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How to Fight the NSA – and Win

Local activism is the key

by , January 08, 2014

I see innumerable news articles detailing the latest revelations from Edward Snowden, and a blizzard of pieces calling for leniency or a pardon for the world’s most famous whistleblower – but in the comments sections, including of my own columns on the subject, I find expressions of seemingly hopeless despair: “Yes, but what can we do about it?”

The answer: take action at the local level. Use as a model the efforts of California libertarian activists who have lobbied state Senators Ted Lieu (D-Torrance) and Joel Anderson (R-San Diego) to introduce the Fourth Amendment Protection Act forbidding any state support to the National Security Agency.

“I agree with the NSA that the world is a dangerous place,” says Lieu, “That is why our founders enacted the Bill of Rights. They understood the grave dangers of an out-of-control federal government.”

The OffNow Coalition has developed model legislation, and the California bill has taken that template, crafting a bill – SB 828 – that would prohibit the state or any of its subdivisions from “providing material support, participation or assistance in any form to a federal agency that claims the power, by virtue of any federal law, rule, regulation or order, to collect electronic data or metadata of any person pursuant to any action not based on a warrant that particularly describes the person, place and thing to be searched or seized.”

But, you say, this is a federal question, and the bill’s passage would only be a symbolic protest, putting the state on record on the issue but having no practical effect – and you’d be wrong. The California bill, if passed, would:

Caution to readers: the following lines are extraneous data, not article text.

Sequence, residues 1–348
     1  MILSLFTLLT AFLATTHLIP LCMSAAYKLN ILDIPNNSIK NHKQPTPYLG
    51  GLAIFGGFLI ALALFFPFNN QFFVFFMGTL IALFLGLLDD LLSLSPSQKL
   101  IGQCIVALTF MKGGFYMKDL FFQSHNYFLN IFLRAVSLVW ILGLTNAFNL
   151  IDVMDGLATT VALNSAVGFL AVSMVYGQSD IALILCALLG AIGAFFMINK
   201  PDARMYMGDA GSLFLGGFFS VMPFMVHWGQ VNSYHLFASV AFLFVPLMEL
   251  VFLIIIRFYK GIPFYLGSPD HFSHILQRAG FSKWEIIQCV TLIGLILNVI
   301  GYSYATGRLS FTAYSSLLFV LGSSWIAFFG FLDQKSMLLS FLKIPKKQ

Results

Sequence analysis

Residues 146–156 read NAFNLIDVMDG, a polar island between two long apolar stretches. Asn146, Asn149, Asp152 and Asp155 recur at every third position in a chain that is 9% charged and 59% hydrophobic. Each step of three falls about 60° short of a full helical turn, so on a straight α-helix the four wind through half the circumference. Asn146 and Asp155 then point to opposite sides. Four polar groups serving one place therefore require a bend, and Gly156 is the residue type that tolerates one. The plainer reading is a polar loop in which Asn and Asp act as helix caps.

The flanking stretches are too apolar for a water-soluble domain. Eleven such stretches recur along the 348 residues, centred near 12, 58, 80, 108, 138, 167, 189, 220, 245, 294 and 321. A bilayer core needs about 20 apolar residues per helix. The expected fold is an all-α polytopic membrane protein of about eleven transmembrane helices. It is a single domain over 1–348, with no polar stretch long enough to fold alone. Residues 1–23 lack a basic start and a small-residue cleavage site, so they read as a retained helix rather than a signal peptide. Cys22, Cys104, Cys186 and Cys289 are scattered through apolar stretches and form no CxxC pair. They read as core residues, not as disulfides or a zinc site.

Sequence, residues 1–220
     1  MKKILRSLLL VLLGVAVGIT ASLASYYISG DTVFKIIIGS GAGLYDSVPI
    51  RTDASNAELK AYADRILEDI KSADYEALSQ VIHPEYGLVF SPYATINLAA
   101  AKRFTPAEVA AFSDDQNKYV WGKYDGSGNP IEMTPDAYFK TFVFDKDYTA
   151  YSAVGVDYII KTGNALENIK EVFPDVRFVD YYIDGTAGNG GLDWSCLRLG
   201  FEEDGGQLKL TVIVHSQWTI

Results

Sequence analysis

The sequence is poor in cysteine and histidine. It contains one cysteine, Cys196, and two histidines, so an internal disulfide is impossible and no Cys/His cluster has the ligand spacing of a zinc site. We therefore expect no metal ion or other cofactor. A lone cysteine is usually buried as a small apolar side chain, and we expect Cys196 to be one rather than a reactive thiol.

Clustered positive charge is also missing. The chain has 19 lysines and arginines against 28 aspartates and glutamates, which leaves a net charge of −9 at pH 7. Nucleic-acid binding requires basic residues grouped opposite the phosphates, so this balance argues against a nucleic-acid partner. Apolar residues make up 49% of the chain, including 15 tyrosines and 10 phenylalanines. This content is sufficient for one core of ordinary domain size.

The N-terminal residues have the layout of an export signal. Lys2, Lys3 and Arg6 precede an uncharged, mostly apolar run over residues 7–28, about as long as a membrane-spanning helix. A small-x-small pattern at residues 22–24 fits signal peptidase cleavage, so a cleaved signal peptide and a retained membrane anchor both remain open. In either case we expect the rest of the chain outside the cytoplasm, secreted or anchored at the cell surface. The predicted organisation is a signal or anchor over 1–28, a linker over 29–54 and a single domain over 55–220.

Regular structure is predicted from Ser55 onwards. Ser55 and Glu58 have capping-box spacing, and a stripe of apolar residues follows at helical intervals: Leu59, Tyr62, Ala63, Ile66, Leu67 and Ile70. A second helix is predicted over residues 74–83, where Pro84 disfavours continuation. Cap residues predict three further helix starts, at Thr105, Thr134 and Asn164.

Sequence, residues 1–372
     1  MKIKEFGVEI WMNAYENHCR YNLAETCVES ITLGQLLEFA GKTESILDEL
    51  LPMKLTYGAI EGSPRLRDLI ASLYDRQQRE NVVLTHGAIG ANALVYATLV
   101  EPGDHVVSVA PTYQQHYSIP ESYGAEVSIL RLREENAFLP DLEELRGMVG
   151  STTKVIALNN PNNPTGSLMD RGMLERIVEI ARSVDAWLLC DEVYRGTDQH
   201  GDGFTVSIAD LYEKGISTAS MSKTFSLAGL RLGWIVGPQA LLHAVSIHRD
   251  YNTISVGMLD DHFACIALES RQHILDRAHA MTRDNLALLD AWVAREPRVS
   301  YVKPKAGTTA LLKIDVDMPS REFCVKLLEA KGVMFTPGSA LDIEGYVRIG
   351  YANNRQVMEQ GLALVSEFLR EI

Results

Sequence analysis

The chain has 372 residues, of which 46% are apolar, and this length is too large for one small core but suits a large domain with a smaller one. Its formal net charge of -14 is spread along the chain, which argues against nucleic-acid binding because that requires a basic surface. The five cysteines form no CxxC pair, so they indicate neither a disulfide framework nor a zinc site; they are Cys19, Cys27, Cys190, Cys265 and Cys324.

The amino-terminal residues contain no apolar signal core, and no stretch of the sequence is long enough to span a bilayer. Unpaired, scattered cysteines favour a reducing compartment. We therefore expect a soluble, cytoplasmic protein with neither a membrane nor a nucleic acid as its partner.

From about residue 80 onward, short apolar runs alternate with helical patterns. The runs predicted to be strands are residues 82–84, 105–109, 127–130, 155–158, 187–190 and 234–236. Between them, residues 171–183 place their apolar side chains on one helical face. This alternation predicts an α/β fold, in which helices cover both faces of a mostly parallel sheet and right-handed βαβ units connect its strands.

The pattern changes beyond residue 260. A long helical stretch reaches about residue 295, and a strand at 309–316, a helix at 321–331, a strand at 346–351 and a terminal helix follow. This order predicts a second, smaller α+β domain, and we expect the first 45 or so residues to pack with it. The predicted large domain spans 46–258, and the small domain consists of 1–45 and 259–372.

1) Prevent state, county, and city agencies from giving any material support to the NSA, including water and electricity. In localities where water and electricity distribution systems are state-owned, the legislation would prevent county, state, and local authorities from servicing NSA facilities, such as the giant Utah NSA compound.

2) Make “evidence” obtained by the NSA without a warrant and shared with law enforcement inadmissible in state court. Criminal cases have already shown up where NSA intercepts were a major part of the evidence: this would put an end to that abuse and prevent the further corruption of our legal system.

3) Prohibit state universities from collaborating with the NSA by providing research facilities or venues for recruiting. This is extremely important: right now, the NSA is picking the brains of our best and brightest in order to build a bigger, better Orwellian police state – surely something our very active libertarian student movement (hello, YAL!) will no doubt be very interested in pursuing. Six state-affiliated California colleges have been designated NSA “Centers of Academic Excellence”: California State Polytechnic University, Pomona, California State University, Sacramento, California State University, San Bernardino, University of California at Davis, University of California, Irvine, and the University of Southern California. Here’s the nationwide list of schools where Big Brother is “mentoring” academics and their students. Obviously some radical de-mentoring is going to have to take place before we can take back our old republic!

Right now, as far as anyone knows, the NSA has no facilities in California, but in view of their rapid expansion – with a new and humongous facility in Utah, and also one in Texas – and the Golden State’s hi-tech industry already a big presence, passage of this bill would place a considerable roadblock in the way of the NSA’s efforts to construct a modern day Panopticon.